Jakarta Governor Plans 3 ‘Creative Zones’
Lenny Tristia Tambun& Ronna Nirmala
The Jakarta Administration is converting three areas across the city into so-called “public creative zones” where vendors can operate and pedestrians can enjoy street performances and art.
“Just like Orchard Road in Singapore, these areas will have large sidewalks so there will be room for street vendors to sell local products,” Governor Joko Widodo said on Monday.
“There will also be street performers, and residents will be able to sit and interact with each other. Jakarta must have those kinds of spaces.”
Joko said one of the zones would encompass Blok M and Pasar Mayestik in South Jakarta, while another would run from the Thamrin City to the eX shopping malls in Central Jakarta. The third zone will be in Kota Tua, the old colonial district in West and North Jakarta.
“I have met with Minister of Tourism and Creative Economy Mari Elka Pangestu twice to discuss the concept and its implementation in Jakarta,” the governor said.
Joko added his administration was also looking to provide more free public space, adding that it could ease tensions between communities and prevent Jakarta’s notorious student brawls, which have turned deadly in recent months.
He said the city was also looking for ways to fill the spaces with activities so that the areas could become melting pots for diverse groups to mingle.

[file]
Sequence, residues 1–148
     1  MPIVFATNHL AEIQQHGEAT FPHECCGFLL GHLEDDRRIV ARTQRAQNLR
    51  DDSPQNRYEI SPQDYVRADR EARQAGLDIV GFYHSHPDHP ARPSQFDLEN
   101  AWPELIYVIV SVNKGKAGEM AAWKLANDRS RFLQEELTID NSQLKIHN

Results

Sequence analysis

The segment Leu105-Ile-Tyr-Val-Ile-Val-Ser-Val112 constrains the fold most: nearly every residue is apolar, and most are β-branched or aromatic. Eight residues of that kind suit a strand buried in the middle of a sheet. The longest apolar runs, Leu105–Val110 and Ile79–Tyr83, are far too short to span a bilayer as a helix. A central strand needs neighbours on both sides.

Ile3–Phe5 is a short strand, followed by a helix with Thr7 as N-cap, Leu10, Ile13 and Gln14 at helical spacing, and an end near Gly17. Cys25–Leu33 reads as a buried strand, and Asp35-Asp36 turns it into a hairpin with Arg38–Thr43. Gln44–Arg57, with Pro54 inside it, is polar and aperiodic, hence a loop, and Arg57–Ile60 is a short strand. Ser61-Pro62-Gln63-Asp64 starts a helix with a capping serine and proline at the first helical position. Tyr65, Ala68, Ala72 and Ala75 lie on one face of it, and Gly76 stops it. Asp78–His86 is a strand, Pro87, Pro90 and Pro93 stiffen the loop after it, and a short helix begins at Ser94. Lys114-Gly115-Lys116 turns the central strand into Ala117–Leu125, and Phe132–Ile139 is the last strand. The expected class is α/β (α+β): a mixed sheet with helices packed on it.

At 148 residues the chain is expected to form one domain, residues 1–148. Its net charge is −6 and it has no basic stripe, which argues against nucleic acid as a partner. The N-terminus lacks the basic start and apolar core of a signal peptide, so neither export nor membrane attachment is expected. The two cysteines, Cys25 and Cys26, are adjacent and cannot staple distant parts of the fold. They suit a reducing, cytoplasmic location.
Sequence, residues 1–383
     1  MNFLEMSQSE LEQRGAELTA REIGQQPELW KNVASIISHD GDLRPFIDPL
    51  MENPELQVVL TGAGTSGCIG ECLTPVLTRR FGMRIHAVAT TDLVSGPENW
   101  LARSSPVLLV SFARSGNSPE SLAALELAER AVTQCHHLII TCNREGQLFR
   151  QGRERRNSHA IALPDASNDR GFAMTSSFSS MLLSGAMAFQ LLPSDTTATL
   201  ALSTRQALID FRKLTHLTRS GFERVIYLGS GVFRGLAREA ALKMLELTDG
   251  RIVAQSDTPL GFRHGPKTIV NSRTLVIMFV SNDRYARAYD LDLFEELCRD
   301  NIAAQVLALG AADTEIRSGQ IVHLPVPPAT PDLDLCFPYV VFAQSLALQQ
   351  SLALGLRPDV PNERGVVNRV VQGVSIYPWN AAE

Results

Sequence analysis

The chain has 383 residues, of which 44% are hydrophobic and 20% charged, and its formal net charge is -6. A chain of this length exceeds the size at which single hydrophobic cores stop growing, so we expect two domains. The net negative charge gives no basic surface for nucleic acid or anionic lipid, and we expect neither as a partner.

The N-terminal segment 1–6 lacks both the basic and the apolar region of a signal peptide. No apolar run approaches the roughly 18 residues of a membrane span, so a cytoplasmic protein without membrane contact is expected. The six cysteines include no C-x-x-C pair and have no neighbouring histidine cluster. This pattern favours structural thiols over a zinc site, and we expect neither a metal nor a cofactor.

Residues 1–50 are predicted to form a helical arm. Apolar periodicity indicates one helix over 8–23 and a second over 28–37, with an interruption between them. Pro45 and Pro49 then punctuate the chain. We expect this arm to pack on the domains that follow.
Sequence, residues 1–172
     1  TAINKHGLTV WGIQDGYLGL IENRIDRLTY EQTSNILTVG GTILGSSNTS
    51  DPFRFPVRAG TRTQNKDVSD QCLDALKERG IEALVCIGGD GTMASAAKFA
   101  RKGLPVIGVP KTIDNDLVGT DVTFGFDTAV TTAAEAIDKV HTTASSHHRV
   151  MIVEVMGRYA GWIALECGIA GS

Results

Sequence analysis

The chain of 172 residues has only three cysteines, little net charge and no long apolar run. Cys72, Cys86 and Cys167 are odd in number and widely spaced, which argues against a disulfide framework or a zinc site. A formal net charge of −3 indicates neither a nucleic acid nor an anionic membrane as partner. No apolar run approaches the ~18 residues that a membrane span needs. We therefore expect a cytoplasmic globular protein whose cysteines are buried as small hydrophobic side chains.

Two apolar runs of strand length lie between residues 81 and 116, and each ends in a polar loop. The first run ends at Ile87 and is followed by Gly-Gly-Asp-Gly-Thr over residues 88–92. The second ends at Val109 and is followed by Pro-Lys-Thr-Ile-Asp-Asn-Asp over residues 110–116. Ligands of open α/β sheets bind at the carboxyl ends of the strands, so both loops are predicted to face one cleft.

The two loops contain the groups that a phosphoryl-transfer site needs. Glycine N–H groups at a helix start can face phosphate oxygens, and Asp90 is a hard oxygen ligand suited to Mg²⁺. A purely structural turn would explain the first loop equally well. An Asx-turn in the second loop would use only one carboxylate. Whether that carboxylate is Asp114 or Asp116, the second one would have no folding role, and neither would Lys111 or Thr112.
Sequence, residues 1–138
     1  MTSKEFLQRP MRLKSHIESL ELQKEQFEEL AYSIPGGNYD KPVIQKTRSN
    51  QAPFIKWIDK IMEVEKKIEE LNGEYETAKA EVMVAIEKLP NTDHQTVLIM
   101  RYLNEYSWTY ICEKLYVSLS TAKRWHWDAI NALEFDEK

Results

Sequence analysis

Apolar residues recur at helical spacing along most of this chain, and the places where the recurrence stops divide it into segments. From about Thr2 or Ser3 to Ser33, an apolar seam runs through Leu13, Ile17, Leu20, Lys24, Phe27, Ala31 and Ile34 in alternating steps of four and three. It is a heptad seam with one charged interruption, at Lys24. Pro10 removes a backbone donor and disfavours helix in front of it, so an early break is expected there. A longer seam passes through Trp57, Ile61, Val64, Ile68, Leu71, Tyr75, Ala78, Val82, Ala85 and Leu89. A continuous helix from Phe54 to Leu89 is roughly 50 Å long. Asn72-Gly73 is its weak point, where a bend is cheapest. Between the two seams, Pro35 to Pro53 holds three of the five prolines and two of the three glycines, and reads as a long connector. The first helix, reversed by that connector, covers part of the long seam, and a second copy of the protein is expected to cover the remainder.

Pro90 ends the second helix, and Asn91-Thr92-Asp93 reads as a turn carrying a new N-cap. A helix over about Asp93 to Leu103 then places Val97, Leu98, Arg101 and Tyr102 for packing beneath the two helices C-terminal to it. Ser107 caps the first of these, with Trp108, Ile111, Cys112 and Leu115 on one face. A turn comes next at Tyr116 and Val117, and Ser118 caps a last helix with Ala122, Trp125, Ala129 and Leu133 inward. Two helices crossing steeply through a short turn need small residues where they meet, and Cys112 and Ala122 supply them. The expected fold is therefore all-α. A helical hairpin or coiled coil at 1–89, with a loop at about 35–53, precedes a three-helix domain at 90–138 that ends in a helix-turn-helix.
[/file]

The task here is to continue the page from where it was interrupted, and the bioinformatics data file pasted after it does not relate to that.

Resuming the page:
“Taman Suropati, which is now only used for sporting activities, is one example,” Joko said, referring to the popular park in Menteng, Central Jakarta.
“That park hosts mini orchestras and is a place where youths can learn traditional music and dance.”
Parks should not be only used as a public space but also a place to harness cultural talents, he said.
“Our youths are smart so we must provide spaces for their creativity,” he said.
Deputy Governor Basuki Tjahaja Purnama said he had spoken with the city’s youth agency about improving public access to the city’s often under-utilized sports and recreation centers, known as GOR.
“GOR must be more open to the public. Have pity on the poor kids who can’t pay the entry fees. Youths should have a space to harness their creativity and interact comfortably,” he said.
He added the administration also planned to provide free Internet access in 10 public parks. Basuki met with officials from state-owned telecommunications firm Telkom to discuss the plan.